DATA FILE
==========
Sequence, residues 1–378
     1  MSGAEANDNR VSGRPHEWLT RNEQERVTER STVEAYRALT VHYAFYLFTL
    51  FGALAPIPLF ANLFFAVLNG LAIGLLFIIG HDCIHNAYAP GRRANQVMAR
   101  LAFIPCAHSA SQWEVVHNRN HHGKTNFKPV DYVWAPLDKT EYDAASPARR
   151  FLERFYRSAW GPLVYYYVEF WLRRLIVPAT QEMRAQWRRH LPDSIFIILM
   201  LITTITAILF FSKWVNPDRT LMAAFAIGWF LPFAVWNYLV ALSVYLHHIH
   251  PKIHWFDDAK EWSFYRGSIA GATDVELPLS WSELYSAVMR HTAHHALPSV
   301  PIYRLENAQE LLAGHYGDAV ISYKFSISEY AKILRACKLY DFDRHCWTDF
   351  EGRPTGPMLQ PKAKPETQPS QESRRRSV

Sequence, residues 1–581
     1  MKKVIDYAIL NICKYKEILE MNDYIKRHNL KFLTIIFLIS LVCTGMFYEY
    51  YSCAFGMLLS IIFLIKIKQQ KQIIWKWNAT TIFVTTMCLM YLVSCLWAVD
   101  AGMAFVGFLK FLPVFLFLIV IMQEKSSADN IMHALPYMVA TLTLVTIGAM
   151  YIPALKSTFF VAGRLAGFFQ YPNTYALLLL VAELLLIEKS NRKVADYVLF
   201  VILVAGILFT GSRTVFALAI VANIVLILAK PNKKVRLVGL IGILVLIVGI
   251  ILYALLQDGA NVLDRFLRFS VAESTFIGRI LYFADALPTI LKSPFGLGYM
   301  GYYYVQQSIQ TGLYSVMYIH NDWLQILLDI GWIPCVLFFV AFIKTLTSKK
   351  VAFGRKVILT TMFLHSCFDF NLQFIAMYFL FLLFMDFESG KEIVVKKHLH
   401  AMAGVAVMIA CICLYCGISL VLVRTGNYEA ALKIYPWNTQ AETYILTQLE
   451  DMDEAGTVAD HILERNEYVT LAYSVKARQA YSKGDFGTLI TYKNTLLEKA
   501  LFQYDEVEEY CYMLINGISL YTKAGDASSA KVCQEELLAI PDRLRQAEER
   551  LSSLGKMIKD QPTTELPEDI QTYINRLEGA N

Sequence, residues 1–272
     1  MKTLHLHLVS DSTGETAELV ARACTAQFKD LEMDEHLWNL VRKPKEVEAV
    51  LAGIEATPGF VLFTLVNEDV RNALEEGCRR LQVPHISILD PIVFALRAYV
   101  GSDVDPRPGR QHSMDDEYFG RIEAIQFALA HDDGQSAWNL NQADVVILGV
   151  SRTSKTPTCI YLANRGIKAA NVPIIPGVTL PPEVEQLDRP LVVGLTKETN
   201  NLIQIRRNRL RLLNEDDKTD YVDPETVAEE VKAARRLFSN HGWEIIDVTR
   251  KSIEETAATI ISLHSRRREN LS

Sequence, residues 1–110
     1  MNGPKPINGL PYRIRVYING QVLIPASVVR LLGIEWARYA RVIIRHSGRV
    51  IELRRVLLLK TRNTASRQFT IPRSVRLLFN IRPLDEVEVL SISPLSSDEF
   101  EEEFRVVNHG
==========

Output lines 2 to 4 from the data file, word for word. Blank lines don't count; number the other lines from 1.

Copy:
     1  MSGAEANDNR VSGRPHEWLT RNEQERVTER STVEAYRALT VHYAFYLFTL
    51  FGALAPIPLF ANLFFAVLNG LAIGLLFIIG HDCIHNAYAP GRRANQVMAR
   101  LAFIPCAHSA SQWEVVHNRN HHGKTNFKPV DYVWAPLDKT EYDAASPARR